Just a day after President Vladimir Putin urged them to come forward, the two Russians the United Kingdom accuses of carrying out a nerve-agent attack on a former spy denied the charges in an interview with RT state television.
A spokesperson for the United Kingdom government said the two men who appeared on RT were the same men suspected of poisoning the Skripals.
The pair, who claim that is their real names, said their friends had told them to visit "this wonderful town, Salisbury, which has a famous cathedral and 123m spire, and is famous for its clock".
"We hope they will turn up very soon and will tell everything themselves".
The two Russian men, who say they are both about 40, were identified last week as suspects by the British government.
In an interview with Russia's RT TV channel released on September 13, Petrov and Boshirov said they had visited Great Britain for tourist purposes. "We got wet, took the nearest train and came back" to London, they told RT, Russia's state-run worldwide broadcaster.
"We went there to see Stonehenge, Old Sarum, but we couldn't do it because there was muddy slush everywhere", Petrov said, referring to local landmarks.
"Well, we came there [to the UK] on 2 March, then went to a railway station to see the timetable".
Russian Federation has repeatedly denied any involvement in the incidents. The officials also allege that the pair are military intelligence agents who were sent to the United Kingdom to poison the Skripals with the nerve agent Novichok.
Walters also highlighted that the weather conditions apparently did not deter the two from walking an even greater distance to the Srkipal home, which they said in the interview that they might have approached. "Let them come out somewhere, to you in the media", he said, describing the men as "civilians".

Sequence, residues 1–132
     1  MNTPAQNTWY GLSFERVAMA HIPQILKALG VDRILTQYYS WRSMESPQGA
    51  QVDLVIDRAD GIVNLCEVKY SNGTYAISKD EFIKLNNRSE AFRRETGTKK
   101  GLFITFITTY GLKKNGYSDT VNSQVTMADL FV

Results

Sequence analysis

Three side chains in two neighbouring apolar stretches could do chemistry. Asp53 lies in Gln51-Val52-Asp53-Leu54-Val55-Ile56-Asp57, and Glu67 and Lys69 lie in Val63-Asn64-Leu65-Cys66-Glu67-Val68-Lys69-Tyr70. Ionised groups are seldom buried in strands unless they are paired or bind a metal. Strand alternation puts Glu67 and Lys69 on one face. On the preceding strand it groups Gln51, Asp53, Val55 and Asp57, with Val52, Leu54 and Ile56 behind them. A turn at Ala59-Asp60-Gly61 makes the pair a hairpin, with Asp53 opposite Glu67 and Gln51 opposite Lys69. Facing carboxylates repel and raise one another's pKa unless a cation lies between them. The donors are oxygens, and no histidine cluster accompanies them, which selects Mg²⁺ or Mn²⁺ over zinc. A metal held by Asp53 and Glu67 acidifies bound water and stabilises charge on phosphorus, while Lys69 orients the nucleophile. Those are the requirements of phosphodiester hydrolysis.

Both men sounded distressed as they spoke about how their lives had changed since they were named in the United Kingdom as Russian intelligence agents who attempted to poison the Skripals.
May spokeswoman Alison Donnelly told reporters Thursday the United Kingdom remains confident "These men are officers of the Russian military intelligence service who used a devastatingly toxic chemical weapon on the streets of our country". Investigators say the names they used were likely aliases.
He tweeted that he was "delighted" the men were able to visit Salisbury's "world-class attractions", but said it was "very odd to come all this way for just two days while carrying Novichok in their luggage". We know who they are, we have found them already.
"We're afraid of going out, we fear for ourselves, our lives and lives of our loved ones", Boshirov told RT.
British prosecutors said last week they had "sufficient evidence" to charge the two Russian nationals in connection with the attack on March 4.
"When your life turned upside down, you don't know what to do and where to go", Boshirov said.
Police believe Dawn Sturgess, 44, and her partner, 45-year-old Charlie Rowley, had accidentally found the Novichok-laced perfume bottle, exposing them to the toxic nerve agent.